Put simply, the secret to making it through slow times as a dentist is great planning. If you have a good idea of what’s coming, and you have a plan in place to deal with it, you’ll be able to get through short periods of low production with relatively low financial impact.
Your most potent weapon is thorough information on historical financial trends for your practice. Four years of data or more will get you the best results but use what you have. This will give you a good idea of when production drops tend to happen, and will help you determine why. For example, if your practice is located in a vacation area and you tend to have less production in the summer months, you can safely bet that’s going to be a trend. You’ll be able to plan for that drop occurring on a yearly basis.
There are a few ways you can use that information.
Schedule vacations: If you know a specific month or season is your slow time, close the practice for a week. You and your staff can have a vacation, and then you can condense four weeks of work into three, and avoid spending on overhead when you don’t need to.
Cut hours: You don’t need to schedule at full capacity if you know that you’re going to be light on work. Lighten the load of hours during slow periods – maybe only have one assistant work each day, for example – and then when production ramps up again, you can go back closer to capacity.
Reactivation campaigns: Do you have patients who haven’t been in for a while, and have fallen through the cracks? Get in touch with them, and get them in for a cleaning and a checkup, or schedule them for the operative work they’ve been putting off or haven’t scheduled yet.
Run promotions: Things like giveaways and discounted procedures can bring in patients who might otherwise have avoided a trip to the dentist.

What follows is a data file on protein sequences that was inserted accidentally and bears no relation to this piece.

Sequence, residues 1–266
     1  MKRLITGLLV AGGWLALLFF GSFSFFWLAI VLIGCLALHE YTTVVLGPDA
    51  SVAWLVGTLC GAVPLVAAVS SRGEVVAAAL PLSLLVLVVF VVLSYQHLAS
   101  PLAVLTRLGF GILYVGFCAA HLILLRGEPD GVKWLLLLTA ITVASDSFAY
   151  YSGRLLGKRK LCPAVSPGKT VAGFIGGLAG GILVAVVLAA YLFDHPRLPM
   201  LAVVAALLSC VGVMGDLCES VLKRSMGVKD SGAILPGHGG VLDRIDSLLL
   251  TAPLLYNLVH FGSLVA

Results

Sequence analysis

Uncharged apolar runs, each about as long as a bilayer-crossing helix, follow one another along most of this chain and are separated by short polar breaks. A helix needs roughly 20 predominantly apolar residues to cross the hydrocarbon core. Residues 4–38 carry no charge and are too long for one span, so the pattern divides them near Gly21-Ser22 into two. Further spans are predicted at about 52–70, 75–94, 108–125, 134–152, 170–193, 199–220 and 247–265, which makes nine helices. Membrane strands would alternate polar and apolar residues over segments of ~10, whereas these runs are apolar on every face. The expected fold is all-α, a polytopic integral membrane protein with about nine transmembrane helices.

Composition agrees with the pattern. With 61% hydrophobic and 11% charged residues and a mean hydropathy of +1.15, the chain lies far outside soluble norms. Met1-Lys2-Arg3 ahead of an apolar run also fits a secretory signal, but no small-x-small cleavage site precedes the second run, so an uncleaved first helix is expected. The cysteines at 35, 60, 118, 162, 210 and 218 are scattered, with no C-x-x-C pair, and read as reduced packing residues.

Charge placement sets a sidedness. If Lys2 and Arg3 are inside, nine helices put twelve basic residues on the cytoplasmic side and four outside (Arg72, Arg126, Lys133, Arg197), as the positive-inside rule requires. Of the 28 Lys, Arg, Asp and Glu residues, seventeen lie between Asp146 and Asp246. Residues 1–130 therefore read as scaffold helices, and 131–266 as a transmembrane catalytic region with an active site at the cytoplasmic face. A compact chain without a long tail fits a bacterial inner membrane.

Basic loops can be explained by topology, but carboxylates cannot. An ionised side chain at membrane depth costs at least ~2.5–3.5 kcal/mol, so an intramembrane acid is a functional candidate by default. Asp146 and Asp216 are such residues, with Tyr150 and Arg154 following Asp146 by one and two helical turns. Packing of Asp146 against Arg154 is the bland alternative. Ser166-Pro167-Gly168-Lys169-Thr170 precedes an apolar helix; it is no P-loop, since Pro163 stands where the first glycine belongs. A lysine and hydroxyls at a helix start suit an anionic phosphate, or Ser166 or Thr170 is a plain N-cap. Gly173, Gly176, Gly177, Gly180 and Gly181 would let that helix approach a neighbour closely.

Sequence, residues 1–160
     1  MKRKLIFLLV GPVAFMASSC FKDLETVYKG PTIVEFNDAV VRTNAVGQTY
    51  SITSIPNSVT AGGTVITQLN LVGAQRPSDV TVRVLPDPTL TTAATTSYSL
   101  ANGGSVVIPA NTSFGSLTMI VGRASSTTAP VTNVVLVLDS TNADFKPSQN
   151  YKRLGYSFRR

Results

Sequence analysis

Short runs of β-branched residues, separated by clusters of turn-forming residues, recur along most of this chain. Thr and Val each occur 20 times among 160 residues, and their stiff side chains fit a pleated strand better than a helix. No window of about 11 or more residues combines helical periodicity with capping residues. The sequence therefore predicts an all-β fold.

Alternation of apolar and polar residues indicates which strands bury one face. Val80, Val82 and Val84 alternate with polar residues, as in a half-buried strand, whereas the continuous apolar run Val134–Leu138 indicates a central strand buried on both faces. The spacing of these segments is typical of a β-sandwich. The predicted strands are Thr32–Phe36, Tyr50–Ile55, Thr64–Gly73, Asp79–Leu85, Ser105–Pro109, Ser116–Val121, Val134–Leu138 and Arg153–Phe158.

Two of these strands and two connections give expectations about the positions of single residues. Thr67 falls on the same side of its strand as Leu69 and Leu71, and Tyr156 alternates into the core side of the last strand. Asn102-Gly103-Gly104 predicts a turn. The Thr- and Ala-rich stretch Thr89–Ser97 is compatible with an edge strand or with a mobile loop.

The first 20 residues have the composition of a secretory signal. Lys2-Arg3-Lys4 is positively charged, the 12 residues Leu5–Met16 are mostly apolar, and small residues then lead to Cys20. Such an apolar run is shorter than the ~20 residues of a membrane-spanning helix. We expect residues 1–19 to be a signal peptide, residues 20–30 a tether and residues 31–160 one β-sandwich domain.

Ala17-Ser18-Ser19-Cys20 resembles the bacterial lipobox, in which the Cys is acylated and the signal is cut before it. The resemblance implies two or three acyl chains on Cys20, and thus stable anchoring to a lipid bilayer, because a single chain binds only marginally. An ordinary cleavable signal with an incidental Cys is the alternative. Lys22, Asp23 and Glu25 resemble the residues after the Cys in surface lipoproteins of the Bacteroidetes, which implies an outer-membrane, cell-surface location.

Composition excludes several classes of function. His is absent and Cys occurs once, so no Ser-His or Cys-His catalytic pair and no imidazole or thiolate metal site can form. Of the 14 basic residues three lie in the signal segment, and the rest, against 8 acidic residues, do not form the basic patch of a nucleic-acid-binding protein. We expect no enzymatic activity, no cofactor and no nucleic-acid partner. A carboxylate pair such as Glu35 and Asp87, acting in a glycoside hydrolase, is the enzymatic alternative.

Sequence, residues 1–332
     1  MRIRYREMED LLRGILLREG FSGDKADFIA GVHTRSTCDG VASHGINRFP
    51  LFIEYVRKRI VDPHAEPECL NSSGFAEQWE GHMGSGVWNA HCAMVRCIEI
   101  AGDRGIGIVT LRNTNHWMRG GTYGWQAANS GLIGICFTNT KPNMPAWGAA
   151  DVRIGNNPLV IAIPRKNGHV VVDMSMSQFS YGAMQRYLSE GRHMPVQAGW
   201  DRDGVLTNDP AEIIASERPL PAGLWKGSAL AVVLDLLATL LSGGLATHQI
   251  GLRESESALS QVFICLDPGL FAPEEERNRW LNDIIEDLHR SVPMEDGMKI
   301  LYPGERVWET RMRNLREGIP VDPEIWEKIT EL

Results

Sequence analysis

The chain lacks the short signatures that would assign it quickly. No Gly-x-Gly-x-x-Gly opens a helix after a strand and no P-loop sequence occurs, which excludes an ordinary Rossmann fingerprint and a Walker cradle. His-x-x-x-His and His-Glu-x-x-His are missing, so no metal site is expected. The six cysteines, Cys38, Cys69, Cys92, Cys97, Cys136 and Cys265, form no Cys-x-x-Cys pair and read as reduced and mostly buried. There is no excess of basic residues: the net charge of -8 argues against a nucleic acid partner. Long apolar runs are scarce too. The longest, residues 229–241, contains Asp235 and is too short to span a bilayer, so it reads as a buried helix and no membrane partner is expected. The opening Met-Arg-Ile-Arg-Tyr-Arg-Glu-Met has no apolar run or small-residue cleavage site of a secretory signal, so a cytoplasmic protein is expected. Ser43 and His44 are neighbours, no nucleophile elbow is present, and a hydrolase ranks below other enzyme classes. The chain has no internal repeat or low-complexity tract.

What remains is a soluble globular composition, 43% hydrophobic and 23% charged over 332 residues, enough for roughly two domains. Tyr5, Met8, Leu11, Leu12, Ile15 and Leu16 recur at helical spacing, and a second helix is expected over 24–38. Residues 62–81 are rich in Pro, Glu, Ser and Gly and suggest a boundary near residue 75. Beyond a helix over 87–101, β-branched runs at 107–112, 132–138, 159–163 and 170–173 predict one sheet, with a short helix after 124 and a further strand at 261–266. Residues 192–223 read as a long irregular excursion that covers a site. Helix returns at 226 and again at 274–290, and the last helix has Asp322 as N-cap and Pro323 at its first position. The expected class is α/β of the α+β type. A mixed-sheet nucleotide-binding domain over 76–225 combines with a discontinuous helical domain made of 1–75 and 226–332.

More than anything else, you must have an adequate safety net in place. If you don’t, you’ll be tempted to cut your pay or adjust your cash flow to make up for slow times, and that’s not advisable. It’ll hurt your home finances and lead to stress. Instead you should have 1 to 1.5 times your typical practice monthly expenses in your accounts at all times. You should have access to a line of credit that can cover between ¾ and 1.5 times your monthly practice expenses as well.
You need to be proactive with your taxes and expenses as well. Use your practice’s trends to shape your tax payments and your purchases. You should be adjusting tax estimates on at least a quarterly basis. Not only will this account for the fluctuations that happen when a slow month does happen, but it protects you from a nasty tax surprise. And a five-figure tax bill will hurt a lot more if you’re fresh off a dip in production.
That goes for expenses as well. Boring cash flow is a lot better than “lumpy” cash flow – in other words, paying off a large expense all at once is not ideal. When lean times hit, you’re going to be a lot happier paying off four months of $10,000 checks rather than one for $40,000.
Proactive planning – in taxes, in expenses, in savings, and in reactions – goes a long way towards helping your practice get through a lean month or two without suffering too much.